FIG. 8 shows a typical form of a PRBS generator, not itself the subject of this invention, which may be used in systems assembled in accordance with this invention. The PRBS generator is shown to comprise a serial shift register 81 which has the outputs of two or more of its stages 1, 2, 3, and 4 fed back through an exclusive-or gate 82 to provide the input to the register. The representative example shown here in simplified form comprises only a four-stage register to produce the 15-bit sequence shown as PRBS1 in FIG. 7. In practice the register in the PRBS generator is longer-typically 7 to 23 stages. The four-stage register chosen here provides a usefully simplified example of the principles of the invention. Corresponding to each position in the output sequence of the shift register 81 is a unique state of the register defined by the outputs Q1, Q2, Q3 and Q4 of the four stages.
The sequence of these states is represented in FIG. 9. Let State 1 be the state 1111 corresponding to a 1 in the PRBS sequence. The next state in the sequence is 0111 corresponding to another 1 in the PRBS signal. Note that the last bit of the state, the Q4 output, is the corresponding bit of the PRBS signal. After 15 states the PRBS generator returns to state 1111, and the pattern repeats. The "State 1 Detect" unit in FIG. 6 detects the state 1111 and produces a pulsed SYNC signal.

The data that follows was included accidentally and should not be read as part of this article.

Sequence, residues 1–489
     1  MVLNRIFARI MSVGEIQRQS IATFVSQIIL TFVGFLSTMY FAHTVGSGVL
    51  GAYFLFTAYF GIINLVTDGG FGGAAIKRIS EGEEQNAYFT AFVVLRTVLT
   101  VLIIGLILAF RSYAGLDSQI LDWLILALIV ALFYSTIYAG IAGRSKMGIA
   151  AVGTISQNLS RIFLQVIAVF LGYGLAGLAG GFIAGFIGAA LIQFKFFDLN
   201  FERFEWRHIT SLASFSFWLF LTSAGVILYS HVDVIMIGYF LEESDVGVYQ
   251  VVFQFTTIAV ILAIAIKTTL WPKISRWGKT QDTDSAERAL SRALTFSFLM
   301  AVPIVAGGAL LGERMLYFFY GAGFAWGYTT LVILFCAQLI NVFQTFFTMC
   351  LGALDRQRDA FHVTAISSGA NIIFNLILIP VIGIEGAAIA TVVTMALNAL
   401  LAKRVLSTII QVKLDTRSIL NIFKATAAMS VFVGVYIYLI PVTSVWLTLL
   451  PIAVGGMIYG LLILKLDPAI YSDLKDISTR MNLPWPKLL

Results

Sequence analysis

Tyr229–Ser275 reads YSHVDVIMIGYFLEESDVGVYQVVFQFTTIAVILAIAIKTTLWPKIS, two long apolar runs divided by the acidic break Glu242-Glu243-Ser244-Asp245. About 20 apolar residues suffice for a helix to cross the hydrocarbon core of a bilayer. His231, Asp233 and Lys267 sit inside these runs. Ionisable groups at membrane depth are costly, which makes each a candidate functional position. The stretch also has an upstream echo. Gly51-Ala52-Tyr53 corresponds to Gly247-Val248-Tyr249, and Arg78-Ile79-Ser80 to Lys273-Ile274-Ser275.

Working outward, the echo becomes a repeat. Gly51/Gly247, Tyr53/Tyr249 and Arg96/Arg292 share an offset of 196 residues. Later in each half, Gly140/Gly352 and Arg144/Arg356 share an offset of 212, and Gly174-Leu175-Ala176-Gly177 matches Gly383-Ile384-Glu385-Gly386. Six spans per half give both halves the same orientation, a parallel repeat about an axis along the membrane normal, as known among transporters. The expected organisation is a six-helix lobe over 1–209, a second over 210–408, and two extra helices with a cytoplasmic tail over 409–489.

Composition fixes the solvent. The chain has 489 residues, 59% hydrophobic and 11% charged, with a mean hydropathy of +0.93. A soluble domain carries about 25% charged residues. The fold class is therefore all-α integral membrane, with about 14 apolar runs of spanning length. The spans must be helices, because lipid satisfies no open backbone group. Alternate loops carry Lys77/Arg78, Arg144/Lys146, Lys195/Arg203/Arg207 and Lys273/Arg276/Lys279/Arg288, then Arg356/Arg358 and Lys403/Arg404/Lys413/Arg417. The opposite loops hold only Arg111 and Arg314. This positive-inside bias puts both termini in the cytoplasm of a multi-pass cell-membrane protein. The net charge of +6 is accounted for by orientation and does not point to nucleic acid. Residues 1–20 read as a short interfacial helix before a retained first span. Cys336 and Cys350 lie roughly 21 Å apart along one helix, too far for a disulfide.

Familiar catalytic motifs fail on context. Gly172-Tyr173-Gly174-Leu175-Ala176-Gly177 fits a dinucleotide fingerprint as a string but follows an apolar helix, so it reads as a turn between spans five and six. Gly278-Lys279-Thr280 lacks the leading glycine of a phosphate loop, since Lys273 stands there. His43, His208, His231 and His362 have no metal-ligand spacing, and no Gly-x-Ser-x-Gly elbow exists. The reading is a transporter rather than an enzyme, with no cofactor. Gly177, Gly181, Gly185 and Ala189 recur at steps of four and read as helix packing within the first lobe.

It is possible to set the shift register to some desired state at any time by applying a pulse to the Load input shown in FIG. 8. This causes the switches S1, S2, S3, and S4 (actually solid state switches) at the input to each stage to connect respectively to the D1, D2, D3, and D4 inputs rather than to the output of the previous stage. After the state on D1, D2, D3, and D4 has been clocked into the register, the SYNC pulse is removed from the Load input line, and the switches return to the serial shift register mode. An alternative is to load the n state serially by actuating only the first switch and entering the bits serially by way of D1.
Let the PRBS generator states listed in FIG. 9 be numbered 1 through 15 so that State n occurs n-1 clock cycles before the state 1111 labeled State 1. For example, State 7 is 0100, which occurs six states before the state 1111. Therefore if the PRBS Generator 63 in FIG. 6 is at State 7 when PRBS Generator 62 is at State 1, then the PRBS2 signal is delayed six clock cycles behind the PRBS1 signal. (See FIG. 7.)